Read the decision here.
Read the coverage of the win here and here.
MAS and CFESD were represented in the proceeding by ECBA lawyers Katherine Rosenfeld, Richard D. Emery, and Ashok Chandran, and co-counsel Charles Weinstock, Esq.
On December 6, 2018, ECBA filed a federal lawsuit on behalf of a pregnant woman who was shackled by the NYPD for approximately thirty hours after she was arrested in the Bronx for misdemeanor. The woman, who is known as Jane Doe in this suit, was repeatedly restrained by numerous different NYPD officers even as she went into labor and was taken to Montefiore Medical Center in the early morning of February 8, 2018. She was forced to labor in shackles, in extreme pain. Although officers partially removed the shackles minutes before Jane Doe gave birth, they reapplied them shortly after. Jane Doe was forced to welcome her baby into the world with her arm chained to her hospital bed.
The shackling of pregnant women is a barbaric and degrading practice. It is universally denounced by medical and correctional experts as dangerous and unnecessary. It has been illegal in New York for years. Doctors at the hospital reportedly warned the officers that their use of shackles posed serious health risks to Jane Doe and her child, and violated the law. The officers ignored these warnings, claiming that the Patrol Guide required the use of shackles and superseded any law to the contrary.
Through her suit, Jane Doe seeks to end the NYPD’s use of this draconian and illegal practice, and ensure that no pregnant woman is shackled by the NYPD again.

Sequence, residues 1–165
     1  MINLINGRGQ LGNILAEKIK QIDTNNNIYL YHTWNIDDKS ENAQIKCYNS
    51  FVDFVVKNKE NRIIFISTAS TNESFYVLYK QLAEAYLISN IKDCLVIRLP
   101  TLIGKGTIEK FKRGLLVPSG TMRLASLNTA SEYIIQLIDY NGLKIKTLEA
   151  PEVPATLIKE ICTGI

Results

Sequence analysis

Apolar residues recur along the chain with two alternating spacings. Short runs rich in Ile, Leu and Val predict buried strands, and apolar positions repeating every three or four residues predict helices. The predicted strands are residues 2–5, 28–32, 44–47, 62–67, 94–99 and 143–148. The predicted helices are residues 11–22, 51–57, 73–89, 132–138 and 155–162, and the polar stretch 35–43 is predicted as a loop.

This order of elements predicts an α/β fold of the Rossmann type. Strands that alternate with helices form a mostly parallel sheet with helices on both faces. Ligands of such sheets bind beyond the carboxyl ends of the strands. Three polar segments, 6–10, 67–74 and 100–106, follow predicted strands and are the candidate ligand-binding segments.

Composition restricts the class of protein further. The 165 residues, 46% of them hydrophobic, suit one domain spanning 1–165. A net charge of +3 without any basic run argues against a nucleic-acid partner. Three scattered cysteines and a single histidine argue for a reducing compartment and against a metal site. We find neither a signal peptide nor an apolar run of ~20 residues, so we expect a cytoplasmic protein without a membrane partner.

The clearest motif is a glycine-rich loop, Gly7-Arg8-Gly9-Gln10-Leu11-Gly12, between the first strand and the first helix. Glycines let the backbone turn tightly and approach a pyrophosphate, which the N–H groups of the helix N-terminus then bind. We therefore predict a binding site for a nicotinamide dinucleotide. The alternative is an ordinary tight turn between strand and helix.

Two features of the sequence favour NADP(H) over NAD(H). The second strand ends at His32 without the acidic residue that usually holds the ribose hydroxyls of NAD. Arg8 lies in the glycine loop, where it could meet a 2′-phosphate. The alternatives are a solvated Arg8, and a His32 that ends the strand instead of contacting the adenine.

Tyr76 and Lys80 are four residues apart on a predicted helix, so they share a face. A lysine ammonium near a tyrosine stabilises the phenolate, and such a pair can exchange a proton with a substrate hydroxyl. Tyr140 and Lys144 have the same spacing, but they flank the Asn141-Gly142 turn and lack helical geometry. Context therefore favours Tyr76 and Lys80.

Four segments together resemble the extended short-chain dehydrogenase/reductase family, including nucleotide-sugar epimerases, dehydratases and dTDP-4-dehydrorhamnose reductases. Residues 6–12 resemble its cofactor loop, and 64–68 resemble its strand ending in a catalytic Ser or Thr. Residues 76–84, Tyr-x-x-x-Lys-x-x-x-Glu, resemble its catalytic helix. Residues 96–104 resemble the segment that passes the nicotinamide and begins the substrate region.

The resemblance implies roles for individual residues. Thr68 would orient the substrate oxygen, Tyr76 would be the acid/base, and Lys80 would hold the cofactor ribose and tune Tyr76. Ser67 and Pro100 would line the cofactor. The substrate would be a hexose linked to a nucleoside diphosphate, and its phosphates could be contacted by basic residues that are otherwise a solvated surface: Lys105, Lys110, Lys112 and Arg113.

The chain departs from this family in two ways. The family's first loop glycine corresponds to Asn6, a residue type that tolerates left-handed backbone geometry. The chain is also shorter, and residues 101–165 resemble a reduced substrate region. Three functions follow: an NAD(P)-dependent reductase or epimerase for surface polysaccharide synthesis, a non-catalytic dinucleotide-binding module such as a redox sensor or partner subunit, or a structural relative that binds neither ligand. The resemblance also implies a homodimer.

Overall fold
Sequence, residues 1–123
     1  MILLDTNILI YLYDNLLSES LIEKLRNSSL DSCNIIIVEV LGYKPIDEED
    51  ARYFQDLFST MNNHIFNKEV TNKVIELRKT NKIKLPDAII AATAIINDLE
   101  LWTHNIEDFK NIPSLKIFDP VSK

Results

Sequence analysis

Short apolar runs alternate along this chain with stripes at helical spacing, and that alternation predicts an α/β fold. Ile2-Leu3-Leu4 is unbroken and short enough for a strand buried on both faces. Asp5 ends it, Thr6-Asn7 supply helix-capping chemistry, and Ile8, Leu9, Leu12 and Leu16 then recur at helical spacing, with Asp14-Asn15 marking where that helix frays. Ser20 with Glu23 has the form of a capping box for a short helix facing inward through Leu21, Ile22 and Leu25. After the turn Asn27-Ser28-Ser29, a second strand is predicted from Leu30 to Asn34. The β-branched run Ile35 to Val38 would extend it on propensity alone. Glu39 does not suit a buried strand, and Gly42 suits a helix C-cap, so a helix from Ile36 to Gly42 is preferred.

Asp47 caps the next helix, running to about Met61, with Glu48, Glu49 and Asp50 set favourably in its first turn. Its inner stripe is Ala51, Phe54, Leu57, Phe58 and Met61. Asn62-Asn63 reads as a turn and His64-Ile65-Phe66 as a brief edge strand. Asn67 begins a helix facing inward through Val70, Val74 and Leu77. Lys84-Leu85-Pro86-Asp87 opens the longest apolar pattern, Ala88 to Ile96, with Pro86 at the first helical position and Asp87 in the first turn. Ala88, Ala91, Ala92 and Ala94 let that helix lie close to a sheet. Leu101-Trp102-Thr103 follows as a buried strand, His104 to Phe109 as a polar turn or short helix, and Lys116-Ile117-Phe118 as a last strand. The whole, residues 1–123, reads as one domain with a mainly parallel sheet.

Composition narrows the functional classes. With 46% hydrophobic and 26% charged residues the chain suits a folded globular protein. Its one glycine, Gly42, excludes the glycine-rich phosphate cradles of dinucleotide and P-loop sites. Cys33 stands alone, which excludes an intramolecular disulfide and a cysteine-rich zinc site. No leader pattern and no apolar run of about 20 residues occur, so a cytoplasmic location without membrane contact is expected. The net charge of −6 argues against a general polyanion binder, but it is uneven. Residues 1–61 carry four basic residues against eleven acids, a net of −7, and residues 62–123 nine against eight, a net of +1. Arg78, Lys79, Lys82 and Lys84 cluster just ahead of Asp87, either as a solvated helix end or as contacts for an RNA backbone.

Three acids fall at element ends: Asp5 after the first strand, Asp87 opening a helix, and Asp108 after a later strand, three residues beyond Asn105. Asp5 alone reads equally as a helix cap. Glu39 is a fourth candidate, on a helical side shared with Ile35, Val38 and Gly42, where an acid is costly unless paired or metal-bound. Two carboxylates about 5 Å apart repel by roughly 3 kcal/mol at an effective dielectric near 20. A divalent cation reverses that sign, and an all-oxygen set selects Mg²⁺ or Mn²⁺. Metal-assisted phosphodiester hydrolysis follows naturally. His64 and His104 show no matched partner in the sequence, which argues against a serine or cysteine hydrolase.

Jane Doe is represented by ECBA attorneys Katie Rosenfeld and Ashok Chandran. The complaint can be found here. Press coverage by the New York Times can be found here.
ECBA has filed a “friend of the court” brief in the federal appeals court in Manhattan urging the full court to reconsider a recent decision that affects how much time victims of police misconduct have to file civil rights claims in court. The amici curiae brief was filed on behalf of a coalition of organizations that defend indigent people accused of crimes, work to correct wrongful convictions, and protect civil rights. It argues that when someone alleges that police fabricated evidence used to charge him with a crime, the statute of limitations on his civil claim should not start running until the criminal case against him is resolved in his favor. As the brief explains, the recent decision, if not corrected by the full court, could hurt criminal defendants’ ability to defend themselves against charges and lead to the dismissal of valid civil rights claims for technical reasons, even if the plaintiff is the victim of egregious misconduct or has served years in prison for a crime he did not commit.
The groups represented by ECBA in the case are the American Civil Liberties Union, Bronx Defenders, Brooklyn Defender Services, Center for Appellate Litigation, Connecticut Innocence Project, The Innocence Project, The Legal Aid Society, National Association of Criminal Defense Lawyers, Neighborhood Defender Service of Harlem, New York County Defender Services, New York State Association of Criminal Defense Lawyers, Office of the Appellate Defender, and Vermont Office of the Defender General. ECBA attorneys Sam Shapiro, David Lebowitz, Doug Lieb and Ashok Chandran worked on the brief.